C-123 Airplanes and Agent Orange Residue
Some Air Force Reservists who were crew members on C-123 Provider aircraft, formerly used to spray Agent Orange during the Vietnam War, have raised health concerns about exposure to residual amounts of herbicides on plane surfaces.
Responding to these concerns, VA asked the Health and Medicine Division (HMD) (formally known as the Institute of Medicine) of the National Academy of Sciences, Engineering, and Medicine to study possible exposure and increase in adverse health effects in C-123 crew members.
HMD's scientific report on C-123 contaminated aircraft
HMD released its report, Post-Vietnam Dioxin Exposure in Agent Orange-Contaminated C-123 Aircraft, Jan. 9, 2015. According to the report, from 1972 to 1982, approximately 1,500 to 2,100 Air Force Reserve personnel trained and worked on C-123 aircraft that previously had been used to spray herbicides, including Agent Orange, in Vietnam. Those aircraft were used for military airlift, medical transport, and cargo transport operations in the United States and internationally.
HMD found that Reservists who served as flight crew (pilot, navigator, flight engineer, and loadmaster), ground maintenance crew, and aero-medical personnel had regular contact with the aircraft, and would have experienced some exposure to chemicals from herbicide residue. The report determined that it is possible that this exposure contributed to some adverse health effects.
How Reservists may have been exposed
TCDD, the toxic substance in Agent Orange, may be inhaled as an aerosol or ingested by contaminated food or water or from hand-to-mouth transfer.
During the Vietnam War, the U.S. Air Force used C-123 aircraft to spray Agent Orange to clear jungles that provided enemy cover in Vietnam. At the end of the spraying campaign in 1971, the remaining C-123 planes were reassigned to reserve units in the U.S. for routine cargo and medical evacuation missions spanning the next 10 years.
C-123 Airplanes and the Agent Orange Registry
Veterans (including some Reservists) who state that they flew on or worked on a C-123 aircraft between 1969 and 1986 are eligible for the Agent Orange Registry.
If you have health concerns about Agent Orange, talk to your health care provider or contact your local VA Environmental Health Coordinator to help you get more information from a health care provider.
Not enrolled in the VA health care system? Find out if you qualify for VA health care.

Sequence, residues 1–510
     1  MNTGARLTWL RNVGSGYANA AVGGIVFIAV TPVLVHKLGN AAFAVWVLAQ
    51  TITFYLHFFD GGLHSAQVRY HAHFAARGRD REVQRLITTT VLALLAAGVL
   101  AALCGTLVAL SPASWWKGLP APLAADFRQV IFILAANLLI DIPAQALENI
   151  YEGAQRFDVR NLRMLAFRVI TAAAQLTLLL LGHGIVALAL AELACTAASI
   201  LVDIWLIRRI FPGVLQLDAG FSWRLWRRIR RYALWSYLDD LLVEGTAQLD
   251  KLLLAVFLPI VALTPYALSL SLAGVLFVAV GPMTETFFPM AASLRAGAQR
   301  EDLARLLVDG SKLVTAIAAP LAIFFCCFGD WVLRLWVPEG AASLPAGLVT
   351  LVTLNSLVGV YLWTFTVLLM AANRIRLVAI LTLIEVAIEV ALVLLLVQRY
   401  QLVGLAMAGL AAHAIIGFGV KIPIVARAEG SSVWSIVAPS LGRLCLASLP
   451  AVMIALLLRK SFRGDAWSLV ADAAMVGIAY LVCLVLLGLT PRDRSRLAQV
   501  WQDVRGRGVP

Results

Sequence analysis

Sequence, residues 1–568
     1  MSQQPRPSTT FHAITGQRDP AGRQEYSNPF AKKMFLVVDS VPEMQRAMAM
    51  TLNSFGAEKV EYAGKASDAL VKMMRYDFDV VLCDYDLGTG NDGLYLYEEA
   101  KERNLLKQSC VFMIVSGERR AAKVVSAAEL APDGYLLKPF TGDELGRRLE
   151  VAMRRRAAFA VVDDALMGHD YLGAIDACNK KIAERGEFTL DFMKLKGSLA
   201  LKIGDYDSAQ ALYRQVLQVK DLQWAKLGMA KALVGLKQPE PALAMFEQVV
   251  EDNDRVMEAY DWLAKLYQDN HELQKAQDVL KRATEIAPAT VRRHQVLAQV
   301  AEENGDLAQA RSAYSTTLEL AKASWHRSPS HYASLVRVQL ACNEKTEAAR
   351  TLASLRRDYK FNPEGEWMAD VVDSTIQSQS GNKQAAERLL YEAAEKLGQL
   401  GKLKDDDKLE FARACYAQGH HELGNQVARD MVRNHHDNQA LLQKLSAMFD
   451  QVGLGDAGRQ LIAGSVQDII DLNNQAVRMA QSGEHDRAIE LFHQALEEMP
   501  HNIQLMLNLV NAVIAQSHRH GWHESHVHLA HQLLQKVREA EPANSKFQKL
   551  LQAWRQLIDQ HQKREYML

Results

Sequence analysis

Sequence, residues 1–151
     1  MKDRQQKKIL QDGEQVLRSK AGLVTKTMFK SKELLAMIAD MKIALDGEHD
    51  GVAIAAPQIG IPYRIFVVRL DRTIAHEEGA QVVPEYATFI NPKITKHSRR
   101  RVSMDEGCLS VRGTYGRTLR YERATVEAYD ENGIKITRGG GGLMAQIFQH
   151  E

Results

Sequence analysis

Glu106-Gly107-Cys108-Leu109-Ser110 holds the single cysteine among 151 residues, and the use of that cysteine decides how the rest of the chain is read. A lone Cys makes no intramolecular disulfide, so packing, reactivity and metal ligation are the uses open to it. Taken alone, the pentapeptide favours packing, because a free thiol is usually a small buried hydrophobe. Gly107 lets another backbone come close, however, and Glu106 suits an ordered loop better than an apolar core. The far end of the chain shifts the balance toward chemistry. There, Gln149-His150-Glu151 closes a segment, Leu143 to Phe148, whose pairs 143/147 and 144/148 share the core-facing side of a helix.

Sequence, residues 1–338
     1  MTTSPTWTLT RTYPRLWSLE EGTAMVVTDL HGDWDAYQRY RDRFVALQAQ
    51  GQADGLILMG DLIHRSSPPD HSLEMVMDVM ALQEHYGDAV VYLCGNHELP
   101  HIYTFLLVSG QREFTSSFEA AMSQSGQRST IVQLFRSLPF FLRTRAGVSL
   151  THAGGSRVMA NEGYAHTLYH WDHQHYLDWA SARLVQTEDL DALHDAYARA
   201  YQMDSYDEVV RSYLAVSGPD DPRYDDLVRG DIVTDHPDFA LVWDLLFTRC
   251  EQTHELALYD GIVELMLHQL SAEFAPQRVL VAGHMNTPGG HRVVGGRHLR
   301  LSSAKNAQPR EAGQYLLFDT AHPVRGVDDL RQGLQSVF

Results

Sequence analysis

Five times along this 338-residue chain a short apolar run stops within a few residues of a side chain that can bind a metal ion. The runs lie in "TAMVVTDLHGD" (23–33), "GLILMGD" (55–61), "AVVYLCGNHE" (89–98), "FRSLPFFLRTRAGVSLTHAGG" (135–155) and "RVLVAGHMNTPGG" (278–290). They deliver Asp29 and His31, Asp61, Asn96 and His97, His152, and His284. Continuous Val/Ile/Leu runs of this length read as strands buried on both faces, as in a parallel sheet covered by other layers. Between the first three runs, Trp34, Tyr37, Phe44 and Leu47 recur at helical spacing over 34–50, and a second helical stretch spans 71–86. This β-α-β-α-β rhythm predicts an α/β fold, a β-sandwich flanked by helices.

Compensation benefits for health problems
Based on the HMD report, VA has decided to acknowledge exposure to Agent Orange for personnel whose military service involved regular contact with the contaminated C-123 aircraft. This includes individuals who performed service in the Air Force or Air Force Reserve who regularly operated, maintained, or served onboard C-123 aircraft known to have been used to spray herbicides during the Vietnam era.
The following individuals may qualify for benefits related to Agent Orange exposure:
- Active duty personnel who served in a regular USAF unit location where a contaminated C-123 was assigned who had regular contact with the aircraft through flight, ground, or medical duties between 1969 and 1986, and who developed an Agent Orange related disability.
- Reservists who were assigned to flight, ground, or medical crew duties at the following locations between 1969 and 1986, and who developed an Agent Orange related disability.
- Lockbourne/Rickenbacker Air Force Base in Ohio (906th and 907th Tactical Air Groups or 355th and 356th Tactical Airlift Squadron)
- Westover Air Force Base in Massachusetts (731st Tactical Air Squadron and 74th Aeromedical Evacuation Squadron)
- Pittsburgh, Pennsylvania, International Airport (758th Airlift Squadron)
Veterans may file a claim for disability compensation for health problems they believe are related to exposure to Agent Orange residue on post-Vietnam C-123 airplanes.
Veterans must show on a factual basis that they were exposed in order to receive disability compensation for diseases related to Agent Orange exposure. VA decides these claims on a case-by-case basis. File a claim online.